Is this a good approach, or is there a better alternative? Perhaps I should look into extending Data::Diver's DiveRef function? Can my code be improved, I don't mind a bit of golfing, but I'm concerned there could be a particular scenario that I've missed where my code could break?

    Chris

Perl version issue?
3 direct replies — Read more / Contribute
by T-Fen
on Oct 25, 2014 at 22:06

    Hello perl monks-

    I'm on a Mac and recently upgraded from Mavericks to Yosemite which might be the cause of my current issue.

    I am using mutt with t-prot and getting the following error when attempting to view a message in mutt (which invokes t-prot)

    'Can't locate Locale/gettext.pm in @INC (you may need to install the Locale::gettext module) (@INC contains: /Library/Perl/5.12 /Library/Perl/5.18/darwin-thread-multi-2level /Library/Perl/5.18 /Network/Library/Perl/5.18/darwin-thread-multi-2level /Network/Library/Perl/5.18 /Library/Perl/Updates/5.18.2 /System/Library/Perl/5.18/darwin-thread-multi-2level /System/Library/Perl/5.18 /System/Library/Perl/Extras/5.18/darwin-thread-multi-2level /System/Library/Perl/Extras/5.18 .) at /usr/local/bin/t-prot line 1147.

    When i do a search for getttext, I see the following:

    /Library/Perl/5.16/darwin-thread-multi-2level/Locale/gettext.pm /Library/Perl/5.16/darwin-thread-multi-2level/auto/Locale/gettext /Library/Perl/5.16/darwin-thread-multi-2level/auto/Locale/gettext/.pac +klist /Library/Perl/5.16/darwin-thread-multi-2level/auto/Locale/gettext/gett +ext.bs /Library/Perl/5.16/darwin-thread-multi-2level/auto/Locale/gettext/gett +ext.bundle /Previous System/Library/Perl/5.16/darwin-thread-multi-2level/auto/Loc +ale/gettext /Previous System/usr/local/Cellar/gettext/0.19.3/share/doc/gettext/exa +mples/hello-perl /Previous System/usr/local/Cellar/gettext/0.19.3/share/doc/gettext/exa +mples/hello-perl/m4 /Previous System/usr/local/Cellar/gettext/0.19.3/share/doc/gettext/exa +mples/hello-perl/po /usr/local/Cellar/gettext/0.19.3/share/doc/gettext/examples/hello-perl /usr/local/Cellar/gettext/0.19.3/share/doc/gettext/examples/hello-perl +/INSTALL /usr/local/Cellar/gettext/0.19.3/share/doc/gettext/examples/hello-perl +/Makefile.am /usr/local/Cellar/gettext/0.19.3/share/doc/gettext/examples/hello-perl +/autoclean.sh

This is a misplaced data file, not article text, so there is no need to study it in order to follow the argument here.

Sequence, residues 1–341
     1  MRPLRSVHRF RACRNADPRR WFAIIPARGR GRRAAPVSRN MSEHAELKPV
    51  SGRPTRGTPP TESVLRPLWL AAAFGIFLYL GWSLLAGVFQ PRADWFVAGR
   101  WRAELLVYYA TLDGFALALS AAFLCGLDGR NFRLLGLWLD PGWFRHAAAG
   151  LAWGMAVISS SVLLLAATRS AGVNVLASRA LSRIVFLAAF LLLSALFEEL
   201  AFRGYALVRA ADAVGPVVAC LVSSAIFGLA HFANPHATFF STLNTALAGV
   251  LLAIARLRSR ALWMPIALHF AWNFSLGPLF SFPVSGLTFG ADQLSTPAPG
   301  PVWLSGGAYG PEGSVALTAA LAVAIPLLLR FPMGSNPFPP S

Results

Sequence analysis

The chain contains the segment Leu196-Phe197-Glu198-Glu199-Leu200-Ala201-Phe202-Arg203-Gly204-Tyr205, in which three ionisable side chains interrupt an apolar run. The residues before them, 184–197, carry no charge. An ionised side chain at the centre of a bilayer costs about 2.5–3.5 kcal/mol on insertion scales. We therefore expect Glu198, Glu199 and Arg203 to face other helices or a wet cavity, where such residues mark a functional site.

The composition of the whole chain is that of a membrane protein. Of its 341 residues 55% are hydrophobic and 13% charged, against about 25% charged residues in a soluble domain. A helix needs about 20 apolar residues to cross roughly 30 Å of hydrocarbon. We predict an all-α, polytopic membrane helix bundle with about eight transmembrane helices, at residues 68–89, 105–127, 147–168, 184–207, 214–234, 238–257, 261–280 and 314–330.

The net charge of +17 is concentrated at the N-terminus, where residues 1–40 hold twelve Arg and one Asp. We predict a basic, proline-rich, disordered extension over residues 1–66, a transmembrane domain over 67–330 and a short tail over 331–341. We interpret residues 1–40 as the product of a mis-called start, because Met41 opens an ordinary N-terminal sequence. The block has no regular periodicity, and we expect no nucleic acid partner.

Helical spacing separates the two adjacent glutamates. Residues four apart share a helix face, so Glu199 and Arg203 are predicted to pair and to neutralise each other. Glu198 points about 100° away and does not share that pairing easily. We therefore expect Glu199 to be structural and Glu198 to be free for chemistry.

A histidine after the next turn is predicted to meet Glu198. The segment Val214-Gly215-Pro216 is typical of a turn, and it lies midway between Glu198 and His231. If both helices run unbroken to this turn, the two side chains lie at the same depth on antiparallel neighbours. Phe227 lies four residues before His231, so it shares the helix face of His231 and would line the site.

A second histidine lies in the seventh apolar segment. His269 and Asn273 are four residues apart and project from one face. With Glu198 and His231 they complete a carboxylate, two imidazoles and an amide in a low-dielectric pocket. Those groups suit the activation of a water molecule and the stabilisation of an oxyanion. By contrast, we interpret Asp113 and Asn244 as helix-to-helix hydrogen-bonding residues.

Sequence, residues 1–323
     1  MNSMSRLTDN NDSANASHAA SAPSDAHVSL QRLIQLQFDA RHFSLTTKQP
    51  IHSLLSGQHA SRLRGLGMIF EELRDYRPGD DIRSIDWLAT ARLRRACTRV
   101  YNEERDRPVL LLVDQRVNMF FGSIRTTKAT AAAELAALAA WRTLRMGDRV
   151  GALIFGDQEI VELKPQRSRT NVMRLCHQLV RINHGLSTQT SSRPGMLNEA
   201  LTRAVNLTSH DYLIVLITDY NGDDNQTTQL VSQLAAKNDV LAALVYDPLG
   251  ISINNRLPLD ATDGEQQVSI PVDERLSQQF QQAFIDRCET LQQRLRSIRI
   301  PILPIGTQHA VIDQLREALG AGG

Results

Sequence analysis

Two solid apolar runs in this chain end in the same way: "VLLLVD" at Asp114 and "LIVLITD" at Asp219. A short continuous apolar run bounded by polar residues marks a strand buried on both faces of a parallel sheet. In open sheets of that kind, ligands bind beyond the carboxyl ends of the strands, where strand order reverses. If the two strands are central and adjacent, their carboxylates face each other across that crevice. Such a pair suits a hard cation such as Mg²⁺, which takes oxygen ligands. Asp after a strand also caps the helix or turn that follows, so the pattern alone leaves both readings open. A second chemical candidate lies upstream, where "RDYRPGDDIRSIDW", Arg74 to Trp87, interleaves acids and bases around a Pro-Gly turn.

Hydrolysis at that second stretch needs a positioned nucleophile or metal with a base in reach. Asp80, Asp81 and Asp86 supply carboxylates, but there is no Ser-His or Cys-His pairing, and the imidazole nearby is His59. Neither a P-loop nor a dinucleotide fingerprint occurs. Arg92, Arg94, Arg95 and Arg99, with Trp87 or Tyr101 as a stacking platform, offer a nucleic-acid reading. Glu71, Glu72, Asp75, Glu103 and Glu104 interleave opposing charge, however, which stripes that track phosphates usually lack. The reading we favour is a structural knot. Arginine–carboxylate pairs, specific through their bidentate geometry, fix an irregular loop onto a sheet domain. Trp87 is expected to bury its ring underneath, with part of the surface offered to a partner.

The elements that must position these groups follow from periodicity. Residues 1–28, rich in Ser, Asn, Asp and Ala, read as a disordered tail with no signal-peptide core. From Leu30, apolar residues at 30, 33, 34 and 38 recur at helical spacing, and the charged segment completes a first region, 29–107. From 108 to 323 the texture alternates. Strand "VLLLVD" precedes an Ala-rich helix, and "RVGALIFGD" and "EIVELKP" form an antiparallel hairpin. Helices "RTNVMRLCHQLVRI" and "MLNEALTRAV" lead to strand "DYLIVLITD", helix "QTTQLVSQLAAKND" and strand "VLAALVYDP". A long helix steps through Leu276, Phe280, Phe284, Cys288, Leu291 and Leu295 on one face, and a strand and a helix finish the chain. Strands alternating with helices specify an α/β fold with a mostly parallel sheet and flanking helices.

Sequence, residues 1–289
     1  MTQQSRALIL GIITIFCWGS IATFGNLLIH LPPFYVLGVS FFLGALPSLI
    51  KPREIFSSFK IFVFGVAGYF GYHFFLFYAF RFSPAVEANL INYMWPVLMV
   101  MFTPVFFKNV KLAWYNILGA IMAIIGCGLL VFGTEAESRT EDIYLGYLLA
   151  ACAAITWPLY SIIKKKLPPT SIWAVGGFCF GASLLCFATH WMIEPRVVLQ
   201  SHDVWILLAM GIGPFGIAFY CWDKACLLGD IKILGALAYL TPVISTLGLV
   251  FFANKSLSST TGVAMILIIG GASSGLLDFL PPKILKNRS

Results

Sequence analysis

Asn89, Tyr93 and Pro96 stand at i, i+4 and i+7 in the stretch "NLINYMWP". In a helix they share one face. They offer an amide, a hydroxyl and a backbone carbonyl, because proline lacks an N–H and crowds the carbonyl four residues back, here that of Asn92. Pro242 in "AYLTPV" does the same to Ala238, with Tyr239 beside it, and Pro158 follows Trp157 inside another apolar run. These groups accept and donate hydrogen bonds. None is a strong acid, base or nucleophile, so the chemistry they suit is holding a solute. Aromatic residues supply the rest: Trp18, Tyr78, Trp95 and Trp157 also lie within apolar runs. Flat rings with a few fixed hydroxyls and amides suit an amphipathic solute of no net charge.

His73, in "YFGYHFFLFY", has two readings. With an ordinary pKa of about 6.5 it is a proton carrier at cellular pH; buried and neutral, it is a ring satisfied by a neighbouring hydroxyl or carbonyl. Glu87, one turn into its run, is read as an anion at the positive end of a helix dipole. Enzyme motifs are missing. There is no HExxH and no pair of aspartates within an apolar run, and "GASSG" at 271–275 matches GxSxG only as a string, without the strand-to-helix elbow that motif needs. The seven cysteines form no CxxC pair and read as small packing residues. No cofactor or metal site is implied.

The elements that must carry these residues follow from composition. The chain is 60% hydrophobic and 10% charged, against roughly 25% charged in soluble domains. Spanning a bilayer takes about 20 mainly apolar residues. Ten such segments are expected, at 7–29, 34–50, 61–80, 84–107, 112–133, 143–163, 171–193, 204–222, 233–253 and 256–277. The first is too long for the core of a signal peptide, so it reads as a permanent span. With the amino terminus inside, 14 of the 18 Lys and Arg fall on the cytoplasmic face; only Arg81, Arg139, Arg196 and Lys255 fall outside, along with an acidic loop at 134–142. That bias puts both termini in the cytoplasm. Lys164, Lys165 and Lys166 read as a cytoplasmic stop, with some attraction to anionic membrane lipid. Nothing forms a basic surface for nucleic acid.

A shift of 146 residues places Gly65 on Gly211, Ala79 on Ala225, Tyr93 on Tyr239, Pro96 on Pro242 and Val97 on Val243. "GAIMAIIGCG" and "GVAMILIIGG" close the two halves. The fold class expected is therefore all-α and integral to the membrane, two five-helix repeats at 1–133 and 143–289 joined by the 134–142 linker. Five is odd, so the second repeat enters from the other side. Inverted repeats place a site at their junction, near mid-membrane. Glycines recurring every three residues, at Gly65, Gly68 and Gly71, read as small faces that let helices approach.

So seeing that @INC doesn't appear to look in /Library/Perl/5.16/ I then added the path using:

    $ PERL5LIB=/Library/Perl/5.16/darwin-thread-multi-2level/; export PERL5LIB

    Doing that, I now get this error when trying to view a message with mutt/t-prot:

    'Perl API version v5.16.0 of v5.16.0 does not match v5.18.0 at /System +/Library/Perl/5.18/darwin-thread-multi-2level/DynaLoader.pm line 217. + + + Compilation failed in req +uire at /usr/local/bin/t-prot line 1147.

    /Library/Perl/ contains a /5.16 and a /5.18 directory but looks like anything related to gettext is only in /5.16. Looking for guidance on how to fix this so that the needed files are found.

    Thanks!

how to extract script output in new text file ?
5 direct replies — Read more / Contribute